How to Find a Mentor in 5 Steps
By: Keith Krach
Those who fail to routinely analyze their career path often find themselves left behind while others succeed. To help navigate the constantly changing market, entrepreneurs and business leaders alike should consider seeking out a mentor.
The majority of executives recognize the value of having access to the insights and experience of someone who has successfully charted his or her own course. Nevertheless, many people, for one reason or another, don’t take advantage of the help a professional guide can offer.
Those who are ready to seek out a mentor should take the following steps:
1. Start with introspection.
The first step should be to look inward to identify the areas where one needs the most help. A good way to gather information is to ask coworkers for honest feedback. In addition to reaching out to current colleagues, people should query ones from previous positions who have had the chance to observe their professional growth.
Along with identifying key areas for improvement, such as a particular leadership skill or ideas about how to enter a new market, entrepreneurs and executives should analyze their personalities and understand how they would collaborate best with a career guide. This knowledge will prove crucial in ultimately finding the right mentor. Through this introspection, leaders will also be able to identify specifics, rather than general goals, to work toward, which will help them get the most out of a mentorship relationship.
2. Develop a list of expectations.
Completing a thorough self-examination naturally leads to compiling a list of action items. Putting these thoughts in writing will allow for further reflection and refining, plus these lists will be useful for prospective mentors to review. In addition to laying out one’s self-improvement goals, individuals should use these notes to determine what qualifications will constitute the perfect candidate for their needs.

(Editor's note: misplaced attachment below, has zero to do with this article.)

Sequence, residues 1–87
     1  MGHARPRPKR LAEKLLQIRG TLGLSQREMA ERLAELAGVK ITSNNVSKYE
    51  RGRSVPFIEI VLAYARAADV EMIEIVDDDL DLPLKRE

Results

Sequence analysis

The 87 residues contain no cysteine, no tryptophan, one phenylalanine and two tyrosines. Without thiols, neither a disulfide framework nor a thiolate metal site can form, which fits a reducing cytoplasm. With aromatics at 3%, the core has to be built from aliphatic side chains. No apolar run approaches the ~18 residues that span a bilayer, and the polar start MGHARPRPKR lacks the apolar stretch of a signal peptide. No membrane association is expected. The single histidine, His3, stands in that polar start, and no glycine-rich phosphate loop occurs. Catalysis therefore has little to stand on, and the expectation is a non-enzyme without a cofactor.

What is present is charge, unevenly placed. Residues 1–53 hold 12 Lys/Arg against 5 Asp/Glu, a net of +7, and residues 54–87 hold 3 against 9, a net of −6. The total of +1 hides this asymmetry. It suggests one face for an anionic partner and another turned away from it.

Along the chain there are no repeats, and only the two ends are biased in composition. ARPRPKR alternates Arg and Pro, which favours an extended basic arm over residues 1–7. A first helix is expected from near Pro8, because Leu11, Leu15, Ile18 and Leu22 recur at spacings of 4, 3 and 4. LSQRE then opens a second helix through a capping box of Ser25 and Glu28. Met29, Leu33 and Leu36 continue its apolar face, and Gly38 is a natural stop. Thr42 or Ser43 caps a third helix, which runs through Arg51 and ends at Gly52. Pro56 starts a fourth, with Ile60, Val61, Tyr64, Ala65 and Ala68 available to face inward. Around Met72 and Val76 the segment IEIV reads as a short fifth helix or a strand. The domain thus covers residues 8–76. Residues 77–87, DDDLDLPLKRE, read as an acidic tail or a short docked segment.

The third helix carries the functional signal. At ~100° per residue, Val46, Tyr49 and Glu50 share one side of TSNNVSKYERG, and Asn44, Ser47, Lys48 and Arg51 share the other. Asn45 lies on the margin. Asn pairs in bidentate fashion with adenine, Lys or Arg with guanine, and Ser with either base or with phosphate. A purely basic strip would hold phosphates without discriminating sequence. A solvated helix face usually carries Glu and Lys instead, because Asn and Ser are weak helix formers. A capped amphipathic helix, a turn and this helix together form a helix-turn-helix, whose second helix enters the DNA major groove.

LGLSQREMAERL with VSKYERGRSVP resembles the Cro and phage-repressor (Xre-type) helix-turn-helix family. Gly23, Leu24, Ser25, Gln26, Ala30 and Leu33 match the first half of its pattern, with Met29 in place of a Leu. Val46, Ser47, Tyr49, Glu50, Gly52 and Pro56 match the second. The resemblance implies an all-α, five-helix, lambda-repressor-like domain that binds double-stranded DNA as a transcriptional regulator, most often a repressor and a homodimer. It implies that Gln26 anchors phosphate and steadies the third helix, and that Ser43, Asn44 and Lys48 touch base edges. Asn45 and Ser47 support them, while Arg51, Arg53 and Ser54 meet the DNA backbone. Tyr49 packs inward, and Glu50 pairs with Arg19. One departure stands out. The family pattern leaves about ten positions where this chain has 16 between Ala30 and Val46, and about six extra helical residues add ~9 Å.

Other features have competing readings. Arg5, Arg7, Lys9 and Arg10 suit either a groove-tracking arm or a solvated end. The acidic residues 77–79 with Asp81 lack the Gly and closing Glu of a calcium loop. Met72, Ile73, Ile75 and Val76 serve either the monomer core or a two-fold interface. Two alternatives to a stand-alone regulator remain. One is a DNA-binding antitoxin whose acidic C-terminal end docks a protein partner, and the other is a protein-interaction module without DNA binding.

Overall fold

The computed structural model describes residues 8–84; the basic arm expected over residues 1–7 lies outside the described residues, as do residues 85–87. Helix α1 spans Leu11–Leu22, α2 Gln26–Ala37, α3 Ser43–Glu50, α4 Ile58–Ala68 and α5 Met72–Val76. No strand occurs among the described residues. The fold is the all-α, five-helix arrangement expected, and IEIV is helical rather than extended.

One thing business leaders should consider when envisioning their ideal mentor is that the right person may not hold the obvious credentials. For example, an individual with advanced degrees and a pedigree of nothing but successes may not be able to offer the most useful insights. However, an established CEO who experienced and overcame a major setback might be in a position to provide more meaningful advice.
3. Open up to new possibilities.
Executives and startup owners may be inclined to leverage their existing network when beginning the mentor search. In some cases, a business leader might not have to look any further. However, exploring beyond the obvious options may yield the best results. The hunt, in fact, should resemble the process of finding a new hire, including tapping into new circles and often checking in the least likely places. One might even connect with someone from a completely different industry.
Building a network exclusively for mentorship can have long-term benefits as well. For instance, leaders may eventually want to reach out and take on their own mentee. With the right connections in place, they can more easily meet and assist the right people.
4. Meet with a few candidates.
Some might suggest narrowing down the list of mentors to a single candidate and then requesting a meeting. However, because it’s hard to accurately judge someone based solely on his or her resume or references, it’s a good idea to have a few well-researched options available. People should also view meetings with top candidates as interviews; they should explain what conclusions they reached through introspection, the expectations they have, and any other pertinent details that make them stand out.
Business leaders should pay careful attention to how each prospective mentor responds and interacts with them. These interviews should also include a focus on how the mentee plans to benefit the mentor. What many people forget is that mentorship operates best as a two-way relationship.
5. Reach a clear agreement.
After fully weighing the options and arriving at a decision, the final step is to formally and clearly establish the relationship contract. Both parties must agree with how the mentorship will progress, including any necessary boundaries, the frequency of in-person meetings, and the dynamics of additional communication (i.e., phone calls, e-mails, etc.).
The relationship should also begin with a mutual acknowledgment of trust and confidentiality. Mentor and mentee each bring something to the table, and both must respect and value the relationship. Doing so helps foster an optimal partnership in which both sides reap a return on their investment.